Still Life with Wonder: This manuscript of poems contains elegiac work and poetry that addresses diverse global traumas, the fluidity of gender, the writing of renowned poets, and the vicissitudes of love and friendship, sometimes through the lens of rhetorical theory, particularly that of Plato and St. Augustine. The theme of “postmemory” is a frequent subtext in this collection: the identification that children of survivors of extreme collective and cultural trauma have with their parents’ experiences.
Aunt Bird: A manuscript that employs documentary poetic practices in order to reimagine the life of my aunt who died in the Kraków Ghetto in German-occupied Poland in 1942. It is based on my discovery of testimonials about her recently made public on the Internet by “Yad Vashem: The World Holocaust Remembrance Center” and by “The United States Holocaust Memorial Museum.” In this manuscript, I use pre-existing cultural documents, archival material, as well as public and private testimonies that recount my aunt’s short life story. (She perished when she was twenty-three.) I also use my imagination to portray her, sometimes in surreal and fantastical ways. Directly or indirectly, as is true of most documentary poetry, Aunt Bird argues for social and political change, merging such arguments with personal experience, while seeking to uncover truths about events, particularly truths that apply to the marginalized histories of those who have been silenced or who can no longer speak.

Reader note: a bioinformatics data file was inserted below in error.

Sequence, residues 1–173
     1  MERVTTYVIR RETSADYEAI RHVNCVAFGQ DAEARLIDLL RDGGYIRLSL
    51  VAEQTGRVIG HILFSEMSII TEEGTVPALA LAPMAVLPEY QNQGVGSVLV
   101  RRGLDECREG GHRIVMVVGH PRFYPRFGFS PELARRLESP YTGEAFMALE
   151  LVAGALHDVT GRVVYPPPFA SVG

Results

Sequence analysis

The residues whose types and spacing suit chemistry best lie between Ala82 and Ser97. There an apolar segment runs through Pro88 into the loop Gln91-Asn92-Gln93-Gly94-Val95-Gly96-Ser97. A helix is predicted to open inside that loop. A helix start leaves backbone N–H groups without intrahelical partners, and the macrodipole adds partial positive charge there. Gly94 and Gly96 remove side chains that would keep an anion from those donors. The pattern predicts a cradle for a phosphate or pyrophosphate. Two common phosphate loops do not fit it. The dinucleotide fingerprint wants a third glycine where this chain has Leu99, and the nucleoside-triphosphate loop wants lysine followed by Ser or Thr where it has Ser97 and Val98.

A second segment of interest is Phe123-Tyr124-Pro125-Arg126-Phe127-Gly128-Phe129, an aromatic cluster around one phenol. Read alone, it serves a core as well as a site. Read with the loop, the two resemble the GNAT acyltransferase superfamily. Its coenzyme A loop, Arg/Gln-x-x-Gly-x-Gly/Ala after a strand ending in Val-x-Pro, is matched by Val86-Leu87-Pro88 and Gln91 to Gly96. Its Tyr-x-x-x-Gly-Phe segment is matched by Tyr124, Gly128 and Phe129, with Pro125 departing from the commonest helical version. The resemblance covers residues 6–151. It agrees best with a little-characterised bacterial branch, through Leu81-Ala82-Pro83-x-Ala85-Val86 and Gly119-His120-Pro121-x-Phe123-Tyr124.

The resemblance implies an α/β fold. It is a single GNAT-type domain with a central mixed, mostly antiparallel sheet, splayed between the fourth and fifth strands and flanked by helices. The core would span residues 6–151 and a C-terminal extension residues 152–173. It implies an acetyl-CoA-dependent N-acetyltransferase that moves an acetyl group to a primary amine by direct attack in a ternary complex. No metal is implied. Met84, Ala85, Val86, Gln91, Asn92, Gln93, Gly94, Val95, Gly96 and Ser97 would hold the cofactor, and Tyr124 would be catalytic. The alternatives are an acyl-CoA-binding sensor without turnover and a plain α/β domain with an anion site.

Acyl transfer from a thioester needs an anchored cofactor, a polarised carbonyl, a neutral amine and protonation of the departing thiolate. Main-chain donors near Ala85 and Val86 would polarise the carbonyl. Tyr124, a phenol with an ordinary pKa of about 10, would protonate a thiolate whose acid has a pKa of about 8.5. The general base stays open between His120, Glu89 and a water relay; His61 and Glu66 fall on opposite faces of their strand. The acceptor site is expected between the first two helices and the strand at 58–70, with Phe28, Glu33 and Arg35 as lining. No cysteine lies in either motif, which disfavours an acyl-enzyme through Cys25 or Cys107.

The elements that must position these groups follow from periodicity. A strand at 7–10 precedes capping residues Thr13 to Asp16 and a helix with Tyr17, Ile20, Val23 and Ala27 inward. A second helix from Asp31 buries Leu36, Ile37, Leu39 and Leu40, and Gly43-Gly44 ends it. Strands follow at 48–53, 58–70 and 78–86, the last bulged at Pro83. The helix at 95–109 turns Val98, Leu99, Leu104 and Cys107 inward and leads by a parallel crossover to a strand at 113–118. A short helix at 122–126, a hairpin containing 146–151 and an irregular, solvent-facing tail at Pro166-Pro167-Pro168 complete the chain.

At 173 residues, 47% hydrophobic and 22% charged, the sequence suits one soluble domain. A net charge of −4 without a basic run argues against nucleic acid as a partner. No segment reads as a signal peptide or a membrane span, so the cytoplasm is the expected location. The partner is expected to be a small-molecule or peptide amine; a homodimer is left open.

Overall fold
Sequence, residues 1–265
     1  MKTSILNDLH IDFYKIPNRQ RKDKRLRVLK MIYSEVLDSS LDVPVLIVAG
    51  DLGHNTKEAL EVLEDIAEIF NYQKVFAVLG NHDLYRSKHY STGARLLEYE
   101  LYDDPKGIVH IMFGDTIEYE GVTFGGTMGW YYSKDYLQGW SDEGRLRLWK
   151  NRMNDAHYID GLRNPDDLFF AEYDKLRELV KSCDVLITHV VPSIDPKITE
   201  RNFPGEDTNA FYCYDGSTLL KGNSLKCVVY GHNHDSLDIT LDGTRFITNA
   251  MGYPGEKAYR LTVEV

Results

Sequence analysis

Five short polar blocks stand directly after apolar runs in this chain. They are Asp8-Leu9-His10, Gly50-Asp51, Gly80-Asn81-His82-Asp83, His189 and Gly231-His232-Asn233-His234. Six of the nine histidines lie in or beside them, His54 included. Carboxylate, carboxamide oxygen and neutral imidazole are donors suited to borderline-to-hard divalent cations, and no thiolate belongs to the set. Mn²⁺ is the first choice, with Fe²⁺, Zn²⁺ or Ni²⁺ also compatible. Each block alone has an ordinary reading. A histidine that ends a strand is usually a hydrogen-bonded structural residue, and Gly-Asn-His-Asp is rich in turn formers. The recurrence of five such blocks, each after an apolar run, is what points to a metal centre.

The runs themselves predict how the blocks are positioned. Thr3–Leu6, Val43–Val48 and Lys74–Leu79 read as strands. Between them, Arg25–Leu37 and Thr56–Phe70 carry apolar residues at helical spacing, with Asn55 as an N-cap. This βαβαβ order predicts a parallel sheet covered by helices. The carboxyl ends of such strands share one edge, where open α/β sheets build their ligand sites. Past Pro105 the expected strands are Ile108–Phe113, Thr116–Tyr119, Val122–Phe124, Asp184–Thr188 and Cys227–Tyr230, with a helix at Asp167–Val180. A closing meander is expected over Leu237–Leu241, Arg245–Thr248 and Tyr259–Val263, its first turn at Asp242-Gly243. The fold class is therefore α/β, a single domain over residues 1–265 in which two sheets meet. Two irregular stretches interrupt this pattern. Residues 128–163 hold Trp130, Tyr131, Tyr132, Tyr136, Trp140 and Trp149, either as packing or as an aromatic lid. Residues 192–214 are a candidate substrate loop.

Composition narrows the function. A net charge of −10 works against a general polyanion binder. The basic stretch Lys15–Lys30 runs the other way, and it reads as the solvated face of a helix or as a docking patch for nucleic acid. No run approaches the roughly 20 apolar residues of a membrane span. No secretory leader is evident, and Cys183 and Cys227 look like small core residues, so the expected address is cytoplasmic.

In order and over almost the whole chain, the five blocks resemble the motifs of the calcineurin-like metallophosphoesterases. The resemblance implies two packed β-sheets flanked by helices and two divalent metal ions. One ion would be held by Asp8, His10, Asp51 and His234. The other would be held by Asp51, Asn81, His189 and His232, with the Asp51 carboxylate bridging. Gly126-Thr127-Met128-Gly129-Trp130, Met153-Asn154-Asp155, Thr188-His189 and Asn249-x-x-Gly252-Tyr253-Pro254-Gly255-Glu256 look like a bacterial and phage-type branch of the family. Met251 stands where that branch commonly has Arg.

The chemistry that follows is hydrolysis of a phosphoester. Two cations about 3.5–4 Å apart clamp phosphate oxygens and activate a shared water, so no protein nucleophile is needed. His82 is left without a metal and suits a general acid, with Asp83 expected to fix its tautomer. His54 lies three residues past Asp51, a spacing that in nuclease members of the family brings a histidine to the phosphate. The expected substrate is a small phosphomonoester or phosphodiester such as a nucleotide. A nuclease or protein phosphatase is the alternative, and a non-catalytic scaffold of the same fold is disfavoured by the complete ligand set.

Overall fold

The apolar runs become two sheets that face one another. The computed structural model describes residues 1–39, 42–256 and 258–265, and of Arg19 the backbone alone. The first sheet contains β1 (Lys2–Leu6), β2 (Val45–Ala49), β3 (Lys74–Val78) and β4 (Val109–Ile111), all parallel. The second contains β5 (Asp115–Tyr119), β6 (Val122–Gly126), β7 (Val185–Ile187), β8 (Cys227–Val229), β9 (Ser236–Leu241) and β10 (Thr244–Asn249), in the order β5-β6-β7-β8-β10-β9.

Yizkor: Elegies for Vanished Towns: A poetry collection that will expand upon the genre of the elegy as a work of mourning for an individual’s death, allowing for the persistence in our daily lives of lamenting the fate of entire communities of anonymous people. The elegies in this collection will be in dialogue with and explore Yizkor books—hybrid Holocaust memorial texts that document the history of Eastern and Central European Jewish communities destroyed by the Nazis during World War II.
In the Hot Wind: Translations from the Yiddish of Celia Dropkin’s collection of poems, In Heysn Vint—In the Hot Wind. Dropkin was an innovator of the erotic modernist love poem in Yiddish and wrote during the first half of the twentieth-century. Her work addresses sex, love, death, and motherhood with groundbreaking candor.
The Book of Questions, Volume I: Translations from the French of the twentieth-century French-Egyptian poet Edmond Jabès’s text, Livre des questions I. His work is a hybrid verse-novel—a mosaic of aphorisms, dialogues, narratives, fragments, and imaginary rabbinic commentaries—whose disjunctive and elliptical storyline brings to light the account of Yukel and his lover Sarah, French Jews, Holocaust survivors, and survivors of the concentration camps. While the book engages with the notion of the Holocaust’s ineffable violence and horror, it, likewise, addresses the violence inflicted on us all by language’s inscrutable nature.